The head of Worcester College has been criticised after he encouraged students to oppose a new accommodation building for Exeter students. The plans, which entail a redevelopment of the former Ruskin College buildings, are to take place on the northern perimeter of Worcester’s grounds and seek to provide around 100 rooms of accommodation for Exeter’s students.Worcester’s concerns are founded on the “excessive elevation” of the proposed new building and the “inappropriately garish and intrusive materials proposed for its roof and upper level”, according to an email received by students last week.The email then goes on to inform students of the ways in which they could make valid complaints to the council, should they so wish, and warns them that a simple complaint such as “I don’t like the look of it” would not suffice. This is followed by a list of objections that would be deemed valid according by the council, focusing mainly on issues of design and scale.The message concludes by stating that if a student objected to the plans after taking “a few minutes” to look over them, the college would be “most grateful” if they made this objection known to the council. Exeter’s JCR President, Edward Nickell, has criticised the email, telling Cherwell, “The Provost has an obligation to protect heritage sites on his land, but he should recognise that the student priority should be for more housing.“He has to defend the site, but it’s above the call of duty to encourage students to do the same.” Exeter has already compromised on the materials used on the wall of the building. However, Worcester still objects to its height.Exeter currently offers accommodation to all first year students and 30% of finalists, whereas Worcester are able to offer accommodation to undergraduates for three years.Exeter’s Rector, Ms. Frances Cairncross, explained the difficulty in reaching an agreement over the height of the building. “To meet Worcester’s request for a reduction in the height of the roof line at the western end of our site would mean the loss of 14 student rooms. “As Exeter is particularly short of student accommodation, the consequence would be that 14 of our students each year lost the opportunity of city centre accommodation at affordable rents.”Worcester’s Provost, Professor Jonathan Bate, explains the email by asserting that “The JCR, MCR and Governing Body asked me to keep them informed as to whether a compromise had been achieved, and to let them know how to object in the event that it wasn’t.”Worcester’s Provost, Professor Jonathan Bate, explains the email by asserting that “The JCR, MCR and Governing Body asked me to keep them informed as to whether a compromise had been achieved, and to let them know how to object in the event that it wasn’t.”Nikita Hayward, a first year Worcester student, commented, “If Exeter College took the top storey off their proposed development, and chose more discreet materials for their building (especially that of the roof) then they could still provide more space for their own students.” Yet one Exeter student said, “I hope that even after only taking ‘a few minutes’ examining the application, Worcester students will recognize the positive impact of the proposal and the consideration of the local community. “Hopefully this will persuade students, despite the attempts of the Provost, what a wonderful proposal for our College, local community and University this is.”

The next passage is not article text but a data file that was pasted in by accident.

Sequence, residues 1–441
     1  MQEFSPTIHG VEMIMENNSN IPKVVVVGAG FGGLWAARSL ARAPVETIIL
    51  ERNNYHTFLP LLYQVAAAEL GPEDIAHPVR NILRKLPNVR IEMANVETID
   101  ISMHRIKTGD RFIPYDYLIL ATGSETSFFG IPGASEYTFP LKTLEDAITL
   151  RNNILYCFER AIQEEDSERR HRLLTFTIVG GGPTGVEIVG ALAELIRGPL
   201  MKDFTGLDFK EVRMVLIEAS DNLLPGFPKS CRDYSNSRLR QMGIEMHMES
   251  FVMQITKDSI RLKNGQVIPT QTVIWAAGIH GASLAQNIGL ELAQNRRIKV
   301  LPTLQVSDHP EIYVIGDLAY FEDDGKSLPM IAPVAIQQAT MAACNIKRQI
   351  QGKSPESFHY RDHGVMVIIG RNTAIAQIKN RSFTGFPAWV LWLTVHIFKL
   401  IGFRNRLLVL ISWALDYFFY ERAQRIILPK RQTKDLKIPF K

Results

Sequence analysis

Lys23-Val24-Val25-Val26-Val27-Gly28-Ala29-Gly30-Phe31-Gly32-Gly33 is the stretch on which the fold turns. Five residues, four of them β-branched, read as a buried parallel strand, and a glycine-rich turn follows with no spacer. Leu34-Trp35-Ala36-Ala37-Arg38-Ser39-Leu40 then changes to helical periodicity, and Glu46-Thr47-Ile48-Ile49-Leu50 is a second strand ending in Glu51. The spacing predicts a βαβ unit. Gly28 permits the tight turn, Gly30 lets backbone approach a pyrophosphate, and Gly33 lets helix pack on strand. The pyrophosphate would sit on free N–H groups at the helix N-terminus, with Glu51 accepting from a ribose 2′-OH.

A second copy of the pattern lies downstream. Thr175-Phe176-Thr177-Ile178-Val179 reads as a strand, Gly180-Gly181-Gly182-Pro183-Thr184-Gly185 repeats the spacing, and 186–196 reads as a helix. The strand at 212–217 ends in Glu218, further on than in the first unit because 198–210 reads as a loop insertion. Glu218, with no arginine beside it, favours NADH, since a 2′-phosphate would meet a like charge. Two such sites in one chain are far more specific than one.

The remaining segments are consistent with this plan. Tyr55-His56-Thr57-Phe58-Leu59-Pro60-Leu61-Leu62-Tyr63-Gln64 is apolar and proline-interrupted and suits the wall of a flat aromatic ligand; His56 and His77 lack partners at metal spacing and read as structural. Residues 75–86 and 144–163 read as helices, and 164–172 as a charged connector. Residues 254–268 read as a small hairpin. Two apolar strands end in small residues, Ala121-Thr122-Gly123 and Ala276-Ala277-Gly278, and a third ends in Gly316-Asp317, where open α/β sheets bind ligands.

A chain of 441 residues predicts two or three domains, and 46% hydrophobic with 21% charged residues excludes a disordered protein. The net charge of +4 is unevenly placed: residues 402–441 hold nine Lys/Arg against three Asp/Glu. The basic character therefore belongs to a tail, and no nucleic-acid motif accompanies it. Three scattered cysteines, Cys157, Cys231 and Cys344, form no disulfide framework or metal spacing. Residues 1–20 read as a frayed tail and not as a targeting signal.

Inter Link said it was set for solid growth in 2007, after admitting it had “bitten off more than it could chew” in 2006.Speaking as it released its interim results for the six months ended November 4, chief executive Chris Thompson told British Baker that the company had made “important strategic moves” in overhauling its infrastructure in 2006.These included moving to central distribution, doubling capacity at the Soreen plant and preparing for the closure of its Hoppers Bakery site in Herne Bay, scheduled for February.However, Inter Link was now in a solid position and set for organic growth and a possible acquisition later in the year, he said. Its plans for 2007 include relaunching the Mrs Peaks Christmas pudding brand in time for Christmas and expanding the Polish factory from 70,000sq ft to 85,000sq ft.An acquisition could be on the cards after Inter Link’s share price had recovered from a “rocky ride” in 2006, he said.Thompson also suggested that there may be further opportunities for consolidation in the UK during the year, although the company had no immediate plans for closures.Inter Link said sales were down 6.8% to £62.6m in the six months to November 4, and pre-tax profit was down 47.8% to £1.93m.
Sandwich chain Pret A Manger has confirmed it is being courted by a number of private equity firms since revealing plans to float the company to fuel expansion in the USA.Simon Hargraves, commercial director, said: “The shareholders have not ruled anything out at the moment. People are putting other deals on the table, but they are still working towards an IPO (initial public offering) later this year.”On the prowl are thought to be Lion Capital, Bridgepoint and PPM, all of which have a track record in buying and selling food firms. Lion was involved in the bidding war for Cadbury’s Soft Drinks and Brakes, while Bridgepoint, a joint owner with PPM of Lyons Seafoods, also owns a stake in ethnic brands producer WT Foods.Pret, which was expected to be valued at more than £300 million, has 150 stores, including 12 in New York.Hargraves said: “We struggled in New York, but over the last three years we have tailored the offering to the US market while still keeping the integrity of the Pret brand. We are now in double-digit growth and the potential has expanded dramatically – hence the need to finance quite a rapid expansion plan. We are looking for 40 stores in Manhattan, then perhaps moving towards Boston and Washington.”